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Columnist muses about beach holes on Sanibel

By Staff | Jul 10, 2009

A recent article in the Island Reporter described an insidious problem taking place in Sanibel man-made holes on the beach. The article cited a total of 103 holes that were found on the beach since January alone. These holes can be very dangerous indeed for humans as well as for wildlife. Folks, you don’t know the half of it.

I was taking a walk on the beach not too long ago when I stepped into a hole. This wasn’t just any hole. It was a hole that was so deep that I found myself falling and falling and falling. The hole must have been at least 20 feet deep because I finally landed on soft sand well below the surface.

I wasn’t hurt or anything but I was stunned by this sudden turn of events. Here I was taking a harmless, leisurely walk on the beach to catch a sunset and now found myself in a journey to the center of the earth. I was too far below the surface to find a way to climb back up and did the only sensible thing I could. I yelled for help. Surely, someone else up there would be out walking a dog or catching a beautiful Sanibel sunset.

My voice echoed through the wall of sand above me but there was no response. I began to have a severe anxiety attack and told myself to stay calm, that help would be on its way. All of a sudden I heard a voice right next to me.

“It’s about time someone showed up. I’ve been down here for years.”

I had mixed feelings about hearing the voice of someone else way the hell down here. It was good to have company in this dilemma but it wasn’t a good sign to hear that someone had been down here for years.

I looked around and saw a wiry old guy with a long beard. “Who are you,” I asked. He held his arms out in front of him to demonstrate that he meant no harm. “I’m Ted Smith and I hail from Minneapolis. I’ve been down here for 26 years and have gotten quite used to it.”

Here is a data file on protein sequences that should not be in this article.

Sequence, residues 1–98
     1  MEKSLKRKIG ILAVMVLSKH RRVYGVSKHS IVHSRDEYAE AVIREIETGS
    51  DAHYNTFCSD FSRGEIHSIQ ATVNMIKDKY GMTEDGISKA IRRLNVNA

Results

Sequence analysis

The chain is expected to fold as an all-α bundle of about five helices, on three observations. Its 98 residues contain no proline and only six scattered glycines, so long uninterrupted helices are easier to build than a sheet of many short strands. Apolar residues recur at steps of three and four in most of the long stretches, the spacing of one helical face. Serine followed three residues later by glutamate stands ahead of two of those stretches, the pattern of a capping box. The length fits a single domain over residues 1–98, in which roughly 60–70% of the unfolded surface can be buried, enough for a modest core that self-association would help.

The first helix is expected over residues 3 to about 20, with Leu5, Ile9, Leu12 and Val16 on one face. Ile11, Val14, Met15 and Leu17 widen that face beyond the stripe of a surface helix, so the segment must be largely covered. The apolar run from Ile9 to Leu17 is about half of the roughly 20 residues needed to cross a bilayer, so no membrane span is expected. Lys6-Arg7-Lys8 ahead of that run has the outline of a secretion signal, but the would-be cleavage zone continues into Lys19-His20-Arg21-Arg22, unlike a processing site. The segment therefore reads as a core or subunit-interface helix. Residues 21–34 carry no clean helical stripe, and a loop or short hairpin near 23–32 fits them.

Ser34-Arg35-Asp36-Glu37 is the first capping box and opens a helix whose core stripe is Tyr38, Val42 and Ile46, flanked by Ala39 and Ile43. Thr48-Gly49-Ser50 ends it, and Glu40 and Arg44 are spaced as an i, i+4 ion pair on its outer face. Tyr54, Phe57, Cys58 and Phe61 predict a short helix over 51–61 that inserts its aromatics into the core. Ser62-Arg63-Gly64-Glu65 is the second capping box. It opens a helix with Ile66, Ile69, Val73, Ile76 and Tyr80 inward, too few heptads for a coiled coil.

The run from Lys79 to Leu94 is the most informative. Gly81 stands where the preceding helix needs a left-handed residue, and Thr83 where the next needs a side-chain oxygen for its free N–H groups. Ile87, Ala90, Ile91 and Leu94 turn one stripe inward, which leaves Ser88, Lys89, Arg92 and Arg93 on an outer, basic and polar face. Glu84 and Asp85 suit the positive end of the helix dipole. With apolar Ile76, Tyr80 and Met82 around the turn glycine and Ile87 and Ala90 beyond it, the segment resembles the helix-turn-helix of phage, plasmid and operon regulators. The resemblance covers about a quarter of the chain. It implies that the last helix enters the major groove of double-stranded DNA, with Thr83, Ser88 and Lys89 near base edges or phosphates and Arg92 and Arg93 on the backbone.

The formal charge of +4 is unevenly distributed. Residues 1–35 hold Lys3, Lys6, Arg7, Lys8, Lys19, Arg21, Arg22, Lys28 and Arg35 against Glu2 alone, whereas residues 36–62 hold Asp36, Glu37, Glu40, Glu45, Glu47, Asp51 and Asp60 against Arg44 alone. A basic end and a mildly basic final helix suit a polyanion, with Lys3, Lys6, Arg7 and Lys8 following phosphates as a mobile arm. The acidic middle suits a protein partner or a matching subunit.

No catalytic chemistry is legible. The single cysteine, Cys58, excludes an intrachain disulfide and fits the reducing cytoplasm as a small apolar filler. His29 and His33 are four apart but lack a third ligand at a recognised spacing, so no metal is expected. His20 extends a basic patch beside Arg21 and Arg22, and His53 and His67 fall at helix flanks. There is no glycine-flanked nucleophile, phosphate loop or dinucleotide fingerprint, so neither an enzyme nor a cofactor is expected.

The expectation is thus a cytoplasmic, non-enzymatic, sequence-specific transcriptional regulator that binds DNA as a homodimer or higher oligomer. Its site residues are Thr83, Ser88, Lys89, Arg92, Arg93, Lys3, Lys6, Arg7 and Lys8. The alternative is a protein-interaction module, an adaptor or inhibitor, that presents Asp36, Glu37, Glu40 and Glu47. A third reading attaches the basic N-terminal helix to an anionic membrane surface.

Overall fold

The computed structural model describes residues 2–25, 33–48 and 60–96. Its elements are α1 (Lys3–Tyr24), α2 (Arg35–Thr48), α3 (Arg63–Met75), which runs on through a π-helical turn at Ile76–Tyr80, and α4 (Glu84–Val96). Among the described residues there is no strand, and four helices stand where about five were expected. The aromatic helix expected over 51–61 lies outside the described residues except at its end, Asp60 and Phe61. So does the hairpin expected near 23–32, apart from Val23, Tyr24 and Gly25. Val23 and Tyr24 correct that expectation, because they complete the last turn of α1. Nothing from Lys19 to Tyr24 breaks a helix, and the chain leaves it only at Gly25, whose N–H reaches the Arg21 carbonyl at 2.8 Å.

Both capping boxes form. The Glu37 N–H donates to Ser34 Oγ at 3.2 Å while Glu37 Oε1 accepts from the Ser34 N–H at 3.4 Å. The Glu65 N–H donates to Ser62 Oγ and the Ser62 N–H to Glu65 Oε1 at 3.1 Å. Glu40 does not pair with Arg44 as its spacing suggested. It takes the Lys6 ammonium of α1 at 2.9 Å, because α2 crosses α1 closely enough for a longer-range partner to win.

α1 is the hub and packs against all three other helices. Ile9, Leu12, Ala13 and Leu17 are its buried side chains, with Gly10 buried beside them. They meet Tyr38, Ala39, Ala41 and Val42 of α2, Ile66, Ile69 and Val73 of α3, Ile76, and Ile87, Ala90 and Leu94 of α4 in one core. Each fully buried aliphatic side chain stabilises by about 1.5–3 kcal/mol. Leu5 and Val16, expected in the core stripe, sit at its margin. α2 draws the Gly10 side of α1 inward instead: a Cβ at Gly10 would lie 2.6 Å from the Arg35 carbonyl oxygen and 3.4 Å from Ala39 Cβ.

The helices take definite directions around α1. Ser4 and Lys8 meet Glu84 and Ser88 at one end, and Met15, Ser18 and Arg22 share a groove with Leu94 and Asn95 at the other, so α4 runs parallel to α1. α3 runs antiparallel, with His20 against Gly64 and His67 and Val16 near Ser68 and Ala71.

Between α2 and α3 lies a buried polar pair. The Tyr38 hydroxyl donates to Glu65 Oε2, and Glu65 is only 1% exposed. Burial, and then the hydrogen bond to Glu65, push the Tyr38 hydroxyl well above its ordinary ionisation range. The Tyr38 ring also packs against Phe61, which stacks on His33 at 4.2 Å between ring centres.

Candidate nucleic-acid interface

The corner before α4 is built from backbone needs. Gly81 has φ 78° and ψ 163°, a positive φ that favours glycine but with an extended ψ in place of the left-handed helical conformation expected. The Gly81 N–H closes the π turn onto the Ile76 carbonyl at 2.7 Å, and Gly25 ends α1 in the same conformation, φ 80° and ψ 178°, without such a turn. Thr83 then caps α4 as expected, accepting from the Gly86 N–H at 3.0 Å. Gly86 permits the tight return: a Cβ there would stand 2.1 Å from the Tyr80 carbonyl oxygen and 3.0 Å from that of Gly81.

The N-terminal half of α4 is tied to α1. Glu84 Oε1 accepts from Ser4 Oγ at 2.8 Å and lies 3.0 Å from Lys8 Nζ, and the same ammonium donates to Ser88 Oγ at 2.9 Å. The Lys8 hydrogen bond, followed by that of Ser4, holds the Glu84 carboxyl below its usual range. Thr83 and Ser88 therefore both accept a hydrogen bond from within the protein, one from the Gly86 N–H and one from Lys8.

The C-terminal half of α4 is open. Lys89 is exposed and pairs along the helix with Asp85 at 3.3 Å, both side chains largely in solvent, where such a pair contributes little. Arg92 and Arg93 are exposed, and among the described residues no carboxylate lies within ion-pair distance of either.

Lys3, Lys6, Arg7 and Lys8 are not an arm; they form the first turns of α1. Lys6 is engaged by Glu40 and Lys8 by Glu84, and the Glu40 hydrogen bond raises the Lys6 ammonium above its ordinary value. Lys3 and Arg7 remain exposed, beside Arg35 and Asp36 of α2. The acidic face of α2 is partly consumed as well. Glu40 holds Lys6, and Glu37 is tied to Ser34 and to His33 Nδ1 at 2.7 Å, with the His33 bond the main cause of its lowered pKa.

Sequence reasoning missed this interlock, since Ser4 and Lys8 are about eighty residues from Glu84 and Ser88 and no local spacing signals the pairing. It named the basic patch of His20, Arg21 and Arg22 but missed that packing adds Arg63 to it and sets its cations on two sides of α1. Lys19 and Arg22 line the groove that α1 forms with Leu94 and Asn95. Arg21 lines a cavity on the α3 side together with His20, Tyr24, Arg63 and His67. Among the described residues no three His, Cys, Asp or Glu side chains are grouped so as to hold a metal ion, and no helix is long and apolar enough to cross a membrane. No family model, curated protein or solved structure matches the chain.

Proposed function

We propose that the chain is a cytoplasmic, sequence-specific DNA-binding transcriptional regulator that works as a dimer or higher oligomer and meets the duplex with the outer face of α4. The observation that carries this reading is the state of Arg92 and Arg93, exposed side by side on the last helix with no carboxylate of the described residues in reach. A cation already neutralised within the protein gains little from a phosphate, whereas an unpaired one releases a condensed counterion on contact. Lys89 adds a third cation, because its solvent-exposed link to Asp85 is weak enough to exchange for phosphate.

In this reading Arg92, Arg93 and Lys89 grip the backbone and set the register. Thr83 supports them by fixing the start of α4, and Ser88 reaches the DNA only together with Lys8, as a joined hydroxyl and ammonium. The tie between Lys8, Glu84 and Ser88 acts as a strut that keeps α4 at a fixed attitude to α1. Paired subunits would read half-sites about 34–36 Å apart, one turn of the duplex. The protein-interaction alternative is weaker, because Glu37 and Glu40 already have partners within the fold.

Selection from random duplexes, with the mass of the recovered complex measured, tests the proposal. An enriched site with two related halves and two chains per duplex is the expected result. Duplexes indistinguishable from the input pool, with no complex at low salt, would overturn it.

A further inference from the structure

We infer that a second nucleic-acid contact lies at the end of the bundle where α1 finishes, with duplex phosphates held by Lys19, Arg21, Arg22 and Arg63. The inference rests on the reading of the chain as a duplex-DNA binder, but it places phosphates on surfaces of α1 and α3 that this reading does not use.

I was stunned and dejected. Could I see myself down in this hole for 26 years as well? “Twenty-six years? I can’t believe it. How could that possibly be? Surely, someone must have seen this hole at one time or another and done something about it. How could you not have been found? How do you survive?”

Ted put his arms out again, this time to slow me down. “Patience, friend. I will tell you everything. You’re the first human who’s come to visit me since I had my misfortune. First of all, I didn’t fall down this hole. I made the hole myself. Yes, I violated Sanibel Code section 74-182 26 years ago by digging a large hole.

“I started to dig a hole one day when visiting Sanibel and for whatever reason I wanted to see how far down I could dig. So I dug and dug and dug. I must have dug around five feet when somehow the floor below collapsed and the hole took on a life of its own. I went down and down like Alice in Wonderland.

“The hole finally stopped around here and when I looked up I realized I was in deep trouble. But before my full hysteria set in I heard voices around me and realized that I was looking at a tunnel. I walked through the tunnel and the voices got louder. Finally, I wandered into an underground chamber that had furniture and tables. And to my utter astonishment there sat three people. They told me that they had fallen into an adjoining hole some years earlier and liked what they saw below the surface. They told me that they had decided to make a life for themselves below the beach because life above wasn’t going well for them up above. They said they liked the peace and quiet and now had time to meditate and reflect on world history.”

I looked around and didn’t see a tunnel or underground chamber. “So where are these people now? I asked. “Oh, they won’t make themselves visible until they’re comfortable with you. They see you as an intruder.”

“I’m no intruder. I just happened to fall into this hole. It wasn’t my intention to live down here for the rest of my life. I’d just as soon be back home right now with a glass of wine.”

Suddenly, there was the glare of lights and three Sanibel policemen had hoisted themselves down the hole with ropes. One of them held a document in his hand and said: “I’m placing you both under arrest for violating Sanibel’s strict beach digging codes. Anything you say will be held against you.”

Ted and I were then hoisted up and found ourselves standing on the beach. The police began to fill up the hole. Ted began to rant and rave when he saw what they were doing. “You can’t do that. There are others down there.”

The police paid no attention to Ted as they led us to the police station. At first I thought that Ted had made the whole story up about being down in the hole for 26 years and running into other people. But then shortly after that incident I read an item in the newspaper that said a Minneapolis man who had been missing for 26 years had been found alive and well in Sanibel. Go figure.